He gave an end to the Byzantine Empire by capturing Constantinople and other Byzantine cities left in Anatolia and the Balkans. The invasion of Constantinople and some more successful campaigns against various small kingdoms in the Balkans and some other Turkic territories in Anatolia bestowed immense glory and prestige on the country and the Ottoman State was started to be recognized as an empire for the first time.
As can be guessed from his successful campaign against Otranto in southern Italy and his adopting the title Roman Caesar, he was presumably trying to vitalize the Eastern Roman Empire. For a probably similar reason, he gathered Italian humanists and Greek scholars at his court, kept the Orthodox Byzantine Church functioning, ordered the patriarch to translate the Christian faith into Turkish and called Gentile Bellini from Venice to paint his portrait.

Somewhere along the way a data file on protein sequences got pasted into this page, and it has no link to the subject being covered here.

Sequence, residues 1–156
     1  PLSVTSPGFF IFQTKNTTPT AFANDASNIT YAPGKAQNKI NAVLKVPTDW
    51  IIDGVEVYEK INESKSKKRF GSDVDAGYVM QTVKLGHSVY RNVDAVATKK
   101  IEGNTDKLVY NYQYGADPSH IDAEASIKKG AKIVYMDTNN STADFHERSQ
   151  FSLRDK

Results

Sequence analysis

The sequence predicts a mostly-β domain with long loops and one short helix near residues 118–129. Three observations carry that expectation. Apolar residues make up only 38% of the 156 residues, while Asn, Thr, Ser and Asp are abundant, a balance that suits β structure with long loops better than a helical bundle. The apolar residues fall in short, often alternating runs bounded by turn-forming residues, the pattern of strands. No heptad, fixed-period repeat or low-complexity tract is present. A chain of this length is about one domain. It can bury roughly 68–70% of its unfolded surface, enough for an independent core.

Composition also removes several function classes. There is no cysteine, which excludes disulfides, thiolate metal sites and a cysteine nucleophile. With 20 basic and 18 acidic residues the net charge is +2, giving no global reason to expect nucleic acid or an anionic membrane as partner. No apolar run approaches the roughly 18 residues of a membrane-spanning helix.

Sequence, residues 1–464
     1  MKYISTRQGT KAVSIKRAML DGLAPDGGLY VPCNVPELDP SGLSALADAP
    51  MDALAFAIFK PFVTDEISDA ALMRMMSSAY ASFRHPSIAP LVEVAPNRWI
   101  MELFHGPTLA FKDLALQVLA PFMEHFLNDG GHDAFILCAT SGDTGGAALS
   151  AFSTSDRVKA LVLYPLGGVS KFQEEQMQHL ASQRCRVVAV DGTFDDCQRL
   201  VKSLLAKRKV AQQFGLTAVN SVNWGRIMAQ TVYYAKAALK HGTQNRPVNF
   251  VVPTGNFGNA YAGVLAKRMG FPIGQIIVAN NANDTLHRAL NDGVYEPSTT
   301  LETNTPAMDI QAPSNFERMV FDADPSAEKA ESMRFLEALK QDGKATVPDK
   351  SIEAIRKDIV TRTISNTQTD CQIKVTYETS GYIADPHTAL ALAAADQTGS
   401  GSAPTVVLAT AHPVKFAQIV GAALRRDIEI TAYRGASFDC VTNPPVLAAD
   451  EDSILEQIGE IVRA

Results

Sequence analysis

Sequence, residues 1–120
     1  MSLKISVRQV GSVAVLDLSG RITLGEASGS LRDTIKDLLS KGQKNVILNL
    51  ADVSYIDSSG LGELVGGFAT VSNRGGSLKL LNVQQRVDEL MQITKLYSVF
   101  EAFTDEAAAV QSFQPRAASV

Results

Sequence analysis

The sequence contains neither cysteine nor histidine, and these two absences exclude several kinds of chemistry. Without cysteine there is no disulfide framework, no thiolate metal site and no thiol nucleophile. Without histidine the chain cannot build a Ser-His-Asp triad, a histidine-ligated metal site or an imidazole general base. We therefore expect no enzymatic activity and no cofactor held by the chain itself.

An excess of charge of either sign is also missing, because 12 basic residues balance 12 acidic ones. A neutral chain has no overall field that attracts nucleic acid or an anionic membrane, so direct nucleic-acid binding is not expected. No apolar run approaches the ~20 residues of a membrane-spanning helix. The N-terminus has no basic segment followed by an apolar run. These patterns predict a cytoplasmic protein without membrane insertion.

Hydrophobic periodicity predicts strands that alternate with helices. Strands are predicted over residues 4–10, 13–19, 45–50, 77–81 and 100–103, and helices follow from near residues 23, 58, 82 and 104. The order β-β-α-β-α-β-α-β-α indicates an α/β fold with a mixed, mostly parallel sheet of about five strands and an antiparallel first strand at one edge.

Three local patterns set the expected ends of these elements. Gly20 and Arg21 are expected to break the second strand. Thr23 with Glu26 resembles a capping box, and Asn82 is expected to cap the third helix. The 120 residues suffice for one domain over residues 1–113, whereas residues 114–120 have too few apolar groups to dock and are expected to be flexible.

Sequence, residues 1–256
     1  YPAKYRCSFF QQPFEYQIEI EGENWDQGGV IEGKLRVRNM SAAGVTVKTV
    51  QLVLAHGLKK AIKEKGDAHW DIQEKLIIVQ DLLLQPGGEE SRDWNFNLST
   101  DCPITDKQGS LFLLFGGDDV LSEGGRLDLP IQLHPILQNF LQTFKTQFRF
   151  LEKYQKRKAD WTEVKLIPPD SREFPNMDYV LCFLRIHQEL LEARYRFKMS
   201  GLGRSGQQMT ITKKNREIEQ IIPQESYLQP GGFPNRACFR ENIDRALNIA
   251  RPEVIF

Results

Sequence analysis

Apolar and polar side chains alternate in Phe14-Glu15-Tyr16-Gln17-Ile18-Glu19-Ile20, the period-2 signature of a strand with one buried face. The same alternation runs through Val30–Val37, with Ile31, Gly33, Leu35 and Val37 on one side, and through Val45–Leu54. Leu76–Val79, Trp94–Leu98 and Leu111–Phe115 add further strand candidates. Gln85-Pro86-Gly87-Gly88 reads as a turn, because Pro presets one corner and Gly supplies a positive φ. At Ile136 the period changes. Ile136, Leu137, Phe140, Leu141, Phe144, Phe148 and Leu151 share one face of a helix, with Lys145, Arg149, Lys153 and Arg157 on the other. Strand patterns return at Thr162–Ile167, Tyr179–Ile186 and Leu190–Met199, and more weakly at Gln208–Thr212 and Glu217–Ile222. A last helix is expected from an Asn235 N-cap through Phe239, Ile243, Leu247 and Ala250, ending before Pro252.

He is also recognized as the first sultan to codify the criminal and constitutional laws long before Suleiman the Magnificient (Lawmaker) and thus establishing the classical image of the autocratic Ottoman sultan (padisah). After the fall of Constantinople, he founded many universities and colleges in the city, some of which are still active.
see Ottoman Emperor